THE METHOD OF HANDLING CASSAVA PROCESSING IN SELECTED VILLAGES IN EDO STATE: A CASE STUDY OF ESAN SOUTH EAST LOCAL GOVERNMENT AREA OF EDO STATE
This research study was designed to determine the method of handling cassava processing in some selected villages in Edo State. A case study of Esan South East Local Government Area. Project aimed at determining the analysis of the modern method of handling cassava processing in Esan South East and its usefulness on the life of individual and the nation at large. It is hoped that the findings from this study would help us to check the quality and consumption rate of the finished products, to know the due processes involved in cassava production, to compare and contrast of the two types of cassava production process e.g. the modern method and traditional method.
TABLE OF CONTENT
Purpose of study
Limitations of the study
Scope of the study
Significance of the study
Statement of the problem
The study area
Population of the study
Organization of data
Statistical methods of data analysis
Data analysis and presentation
1.1 BACKGROUND TO THE STUDY
Cassava is one of the most important crops grown in the tropics and a major carbohydrate staple. It is the third most important source of calories in the tropics after cereal crops (FAO, 2008). World production of cassava is estimated at 242 million tonnes, of which 54% (130 million tonnes) is produced in Africa. West Africa alone contributes about 68 million tonnes, equivalent to 52% of production. Ghana is the third African producer, after Nigeria and the Democratic Republic of Congo with a yearly production of approximately 10 million tonnes representing 8% of total cassava production on the continent (FAO Food Outlook, 2009).
In Africa, cassava production has more than quadrupled since 1961 from 33 million to 122 million tonnes in 2006 (IFAD, 2010). In countries like Nigeria and Ghana, wide adoption of high yielding varieties and better pest management has resulted in a sharp rise in production. Cassava is a perishable crop and a bulky product, which makes it costly to transport without initial processing. According to FAO (2011) between 35% and 40% of cassava produced in Ghana are lost through postharvest losses accounting for between 3.5 million tonnes to 4 million tonnes annually. This account for between 875 tonnes to one million tons of cassava chips worth about $200 million annually. In Nigeria, cassava is primarily produced for its roots which are a major and cheap source of carbohydrate in human diet, containing 20% amylose and 70% amylopectin, an important source of energy with a calorific value of 250 kcal/ha/day and is regarded as poor man’s food, a more appropriate food crop for the tropical world (RMRDC, 2004). In recent times, cassava has gained attention as a potential industrial crop. The tubers constitute an important component of livestock feed production in various parts of the world. The tubers are processed into cassava flour for bakery and confectioneries. Again, the high carbohydrate content and other qualities such as amylose and amylopectin ratio predispose cassava tubers for various industrial uses such as starch production, modified starch, ethanol, monosodium glutamate (MSG), glucose syrup, fructose syrup, sorbitol, sago, citric acid, adhesives, microbial enzymes, sweeteners among others. Rising oil prices coupled with the need to address concerns about emission from transportation fuels and the requirements of the Kyoto Protocol on carbon emission has led to the promulgation of a mandatory blending of biofuels (ethanol) with fossil fuels in Europe by 2020, which will require cassava chips as the alternative raw material feedstock (UNCTAD, 2009).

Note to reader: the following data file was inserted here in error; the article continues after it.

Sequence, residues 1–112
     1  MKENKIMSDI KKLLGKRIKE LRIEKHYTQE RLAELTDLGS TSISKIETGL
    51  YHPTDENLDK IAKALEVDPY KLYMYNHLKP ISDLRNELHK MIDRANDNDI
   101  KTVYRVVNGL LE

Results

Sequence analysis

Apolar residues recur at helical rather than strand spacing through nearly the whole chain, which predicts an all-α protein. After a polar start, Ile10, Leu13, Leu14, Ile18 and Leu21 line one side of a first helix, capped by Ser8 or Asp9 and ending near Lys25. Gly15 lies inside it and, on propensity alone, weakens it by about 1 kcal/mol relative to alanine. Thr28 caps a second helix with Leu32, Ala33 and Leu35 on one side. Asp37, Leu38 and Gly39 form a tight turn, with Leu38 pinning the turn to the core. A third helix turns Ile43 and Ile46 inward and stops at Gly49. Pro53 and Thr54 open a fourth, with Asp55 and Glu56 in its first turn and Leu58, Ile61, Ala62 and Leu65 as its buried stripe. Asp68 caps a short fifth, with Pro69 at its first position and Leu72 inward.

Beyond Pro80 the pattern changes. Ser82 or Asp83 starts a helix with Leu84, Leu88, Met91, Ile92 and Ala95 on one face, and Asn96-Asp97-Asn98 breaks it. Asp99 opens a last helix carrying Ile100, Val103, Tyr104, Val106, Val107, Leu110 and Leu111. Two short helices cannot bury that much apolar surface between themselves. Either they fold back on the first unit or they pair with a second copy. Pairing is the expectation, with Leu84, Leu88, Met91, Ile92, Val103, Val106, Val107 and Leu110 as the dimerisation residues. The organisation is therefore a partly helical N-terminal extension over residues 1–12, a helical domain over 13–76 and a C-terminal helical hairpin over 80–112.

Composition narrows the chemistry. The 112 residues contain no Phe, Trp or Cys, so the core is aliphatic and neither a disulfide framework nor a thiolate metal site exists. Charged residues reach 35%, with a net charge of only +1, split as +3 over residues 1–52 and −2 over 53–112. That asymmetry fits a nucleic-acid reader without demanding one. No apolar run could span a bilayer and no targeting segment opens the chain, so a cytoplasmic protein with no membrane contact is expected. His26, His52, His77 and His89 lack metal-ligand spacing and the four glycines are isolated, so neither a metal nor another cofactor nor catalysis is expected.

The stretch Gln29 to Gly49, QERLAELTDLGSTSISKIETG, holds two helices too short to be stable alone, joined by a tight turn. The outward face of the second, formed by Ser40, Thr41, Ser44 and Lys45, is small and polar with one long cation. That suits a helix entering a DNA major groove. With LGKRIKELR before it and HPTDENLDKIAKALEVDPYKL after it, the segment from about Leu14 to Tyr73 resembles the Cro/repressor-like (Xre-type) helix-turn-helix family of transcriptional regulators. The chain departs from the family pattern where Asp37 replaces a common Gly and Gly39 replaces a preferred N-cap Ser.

According to FAO Food outlook (2009) cassava chips production will become a major emerging market opportunity for bio fuels. One huge challenge to cassava production and processing is its high moisture content of about 65% making it extremely perishable. According to IITA (1990), once tubers are harvested, they begin to deteriorate within 40-48 hours due to some physiological changes and decay by rot organisms.
1.2 STATEMENT OF THE PROBLEM
This research is designed to address itself on the method of handling cassava processing in some selected villages in Edo State.
1.3 RESEARCH QUESTIONS
1. Does the traditional method affect the handling of cassava processing?
2. Does raining season affect cassava processing?
3. Does dry season affects the processing of cassava?
4. Does shortage of water affects cassava processing?
1. There is no significant difference between shortage of water and cassava processing.
2. There is no significant difference between the traditional methods of cassava processing.
1.5 PURPOSE OF THE STUDY
The purpose of this study is to identify the method of handling cassava processing in Esan South East Local Government Area of Edo State.
1.6 SIGNIFICANCE OF THE STUDY
It is hoped that the findings from this study would help us to:
1.7 TERMS AND CONDITIONS
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